The Chicago Bulls announced today that their top scorer Ben Gordon has accepted the one-year qualifying offer (QO, in his case $6.4 million), after declining a long-term contract extension for reportedly six years for $59 million, automatically making him an unrestricted free agent in the summer of 2009. The Bulls were unwilling to go over the luxury tax for him after already re-signing free agent Luol Deng to a large contract. Head over to Blog A Bull for a sheer endless chronology of the Ben Gordon contract saga this summer (in fact the last two summers, since last year he already rejected an even more lucrative deal).
Taking the QO is a rare move for a player on the rookie scale, especially for a major one. In fact ShamSports has researched a while ago that he is only the fifth guy since 2000 to do that (after Melvin Ely, Mickael Pietrus, Vladimir Radmanovic, Stromile Swift) since it is always a pretty risky move to not take the guaranteed years. All guys who did it before him ended up losing money in comparison to the original offer. But he certainly is the most prominent guy to try it.
He might still get traded this season, but that's not highly likely since under the rules of the collective bargaining agreement concerning one-year contracts he would have the right to reject any trade to a team he doesn't want to go to. This was included because a player would lose his Bird rights in such a trade (enabling him to get signed by a team that goes over the cap to do so, in this case either with the Bulls or in a sign-and-trade, which is a very valuable right in a league where a lot of teams are constantly capped-out and thus could only offer the mid-level exception).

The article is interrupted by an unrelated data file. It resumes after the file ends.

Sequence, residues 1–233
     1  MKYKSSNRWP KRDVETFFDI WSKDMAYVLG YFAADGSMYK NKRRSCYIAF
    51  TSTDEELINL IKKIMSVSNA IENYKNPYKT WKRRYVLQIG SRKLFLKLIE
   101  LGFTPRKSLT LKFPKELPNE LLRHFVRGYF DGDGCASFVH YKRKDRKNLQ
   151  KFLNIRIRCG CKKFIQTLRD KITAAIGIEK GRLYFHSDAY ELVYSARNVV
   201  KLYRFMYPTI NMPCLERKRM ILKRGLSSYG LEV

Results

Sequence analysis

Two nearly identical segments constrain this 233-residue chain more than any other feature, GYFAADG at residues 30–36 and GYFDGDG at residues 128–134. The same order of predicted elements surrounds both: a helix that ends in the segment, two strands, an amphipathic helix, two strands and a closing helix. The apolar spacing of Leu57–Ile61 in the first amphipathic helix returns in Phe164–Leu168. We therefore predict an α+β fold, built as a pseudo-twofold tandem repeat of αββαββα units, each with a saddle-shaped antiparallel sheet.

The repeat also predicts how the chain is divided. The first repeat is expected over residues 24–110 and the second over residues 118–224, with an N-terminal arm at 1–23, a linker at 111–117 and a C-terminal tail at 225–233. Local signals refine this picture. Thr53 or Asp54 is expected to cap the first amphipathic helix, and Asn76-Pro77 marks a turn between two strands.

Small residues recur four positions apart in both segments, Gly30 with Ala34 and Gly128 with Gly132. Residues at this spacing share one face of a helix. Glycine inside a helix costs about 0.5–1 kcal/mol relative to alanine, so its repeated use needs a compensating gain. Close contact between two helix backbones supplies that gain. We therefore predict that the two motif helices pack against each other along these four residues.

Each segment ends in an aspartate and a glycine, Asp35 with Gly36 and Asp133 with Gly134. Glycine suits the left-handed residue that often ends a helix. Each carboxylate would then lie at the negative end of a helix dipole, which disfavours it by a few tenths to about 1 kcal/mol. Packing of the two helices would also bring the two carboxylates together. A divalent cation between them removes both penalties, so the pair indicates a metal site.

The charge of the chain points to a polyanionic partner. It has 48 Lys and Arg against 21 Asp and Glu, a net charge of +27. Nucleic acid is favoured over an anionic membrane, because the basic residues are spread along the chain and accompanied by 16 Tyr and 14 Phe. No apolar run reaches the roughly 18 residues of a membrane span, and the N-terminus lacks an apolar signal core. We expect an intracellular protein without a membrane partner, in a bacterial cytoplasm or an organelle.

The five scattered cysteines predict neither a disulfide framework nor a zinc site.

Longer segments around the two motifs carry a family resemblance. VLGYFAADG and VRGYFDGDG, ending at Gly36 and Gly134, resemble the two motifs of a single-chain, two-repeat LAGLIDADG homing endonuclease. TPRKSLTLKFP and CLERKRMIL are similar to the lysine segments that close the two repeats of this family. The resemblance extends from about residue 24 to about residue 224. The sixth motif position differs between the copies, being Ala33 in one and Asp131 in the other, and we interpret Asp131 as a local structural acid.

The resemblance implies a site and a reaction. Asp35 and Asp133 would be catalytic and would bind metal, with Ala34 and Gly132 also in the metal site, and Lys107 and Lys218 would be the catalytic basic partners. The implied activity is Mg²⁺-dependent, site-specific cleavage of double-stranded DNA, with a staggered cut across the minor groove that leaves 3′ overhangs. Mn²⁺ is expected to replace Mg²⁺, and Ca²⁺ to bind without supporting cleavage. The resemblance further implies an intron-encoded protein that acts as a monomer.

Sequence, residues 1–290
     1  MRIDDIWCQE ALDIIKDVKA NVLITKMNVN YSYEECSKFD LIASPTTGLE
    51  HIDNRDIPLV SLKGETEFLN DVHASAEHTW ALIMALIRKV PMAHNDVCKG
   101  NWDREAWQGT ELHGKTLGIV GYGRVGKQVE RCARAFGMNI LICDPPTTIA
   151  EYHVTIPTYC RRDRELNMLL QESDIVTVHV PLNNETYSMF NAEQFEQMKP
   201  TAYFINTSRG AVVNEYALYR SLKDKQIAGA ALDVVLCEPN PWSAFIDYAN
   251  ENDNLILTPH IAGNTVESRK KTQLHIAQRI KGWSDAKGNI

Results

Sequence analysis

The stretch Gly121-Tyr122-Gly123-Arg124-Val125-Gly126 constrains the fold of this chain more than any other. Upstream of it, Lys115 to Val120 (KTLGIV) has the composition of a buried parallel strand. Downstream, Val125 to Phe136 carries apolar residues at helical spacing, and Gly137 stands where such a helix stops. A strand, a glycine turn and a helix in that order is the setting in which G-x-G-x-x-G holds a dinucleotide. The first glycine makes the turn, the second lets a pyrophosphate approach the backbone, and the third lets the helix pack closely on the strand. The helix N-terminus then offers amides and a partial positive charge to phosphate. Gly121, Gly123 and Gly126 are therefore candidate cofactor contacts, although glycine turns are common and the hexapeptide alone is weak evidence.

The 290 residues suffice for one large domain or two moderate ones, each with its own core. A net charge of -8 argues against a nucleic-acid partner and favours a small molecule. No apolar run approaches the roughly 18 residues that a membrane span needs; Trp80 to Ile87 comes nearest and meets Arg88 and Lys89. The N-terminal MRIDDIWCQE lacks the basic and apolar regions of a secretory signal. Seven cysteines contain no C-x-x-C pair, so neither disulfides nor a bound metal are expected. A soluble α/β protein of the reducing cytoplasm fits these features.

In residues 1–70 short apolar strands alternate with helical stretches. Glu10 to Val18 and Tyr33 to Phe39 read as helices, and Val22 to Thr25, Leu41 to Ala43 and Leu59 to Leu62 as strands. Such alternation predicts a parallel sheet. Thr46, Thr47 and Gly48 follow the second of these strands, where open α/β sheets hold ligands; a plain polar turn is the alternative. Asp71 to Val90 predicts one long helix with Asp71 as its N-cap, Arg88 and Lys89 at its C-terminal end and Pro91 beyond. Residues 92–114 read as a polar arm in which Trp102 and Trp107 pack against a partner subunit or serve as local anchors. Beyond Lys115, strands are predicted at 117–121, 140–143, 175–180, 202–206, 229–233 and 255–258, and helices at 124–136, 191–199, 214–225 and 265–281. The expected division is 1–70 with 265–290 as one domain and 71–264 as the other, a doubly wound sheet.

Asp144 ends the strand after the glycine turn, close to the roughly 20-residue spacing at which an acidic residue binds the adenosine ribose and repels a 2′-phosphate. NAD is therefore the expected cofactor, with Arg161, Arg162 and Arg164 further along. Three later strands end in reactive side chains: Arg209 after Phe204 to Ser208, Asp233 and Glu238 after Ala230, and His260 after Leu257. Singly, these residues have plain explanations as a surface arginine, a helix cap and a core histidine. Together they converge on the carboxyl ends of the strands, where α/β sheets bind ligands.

Now what does that mean for the Blazers? Directly probably nothing. I doubt a then 26 years old undersized shooting guard who can certainly score (albeit a little inconsistent) but has limited skills to play other positions is the major free agent we are targeting with Roy, Rudy and Bayless already on the roster. KP probably wouldn't mind getting him for cheap, but Gordon has made it very clear that he sees himself as somebody who should play major minutes and be paid major money for his services (more than, say, a Corey Maggette who accepted such a deal this year). This year, no team was sharing his vision - at least not enough to sign him to a big offer sheet or propose an acceptable sign and trade to the Bulls (Miami was rumored to entertain this). But some competitors are scheduled to also have much more cap space next year, notably for example the OKC Thunder and the Minnesota Timberwolves. So he could very well end up in our division. At least some teams will have him on their shopping list.
Also of note, the Bulls should be reluctant now to part with Kirk Hinrich since they must assume a disgruntled Ben Gordon won't be very motivated to negotiate with them again to organize a stay beyond 2009.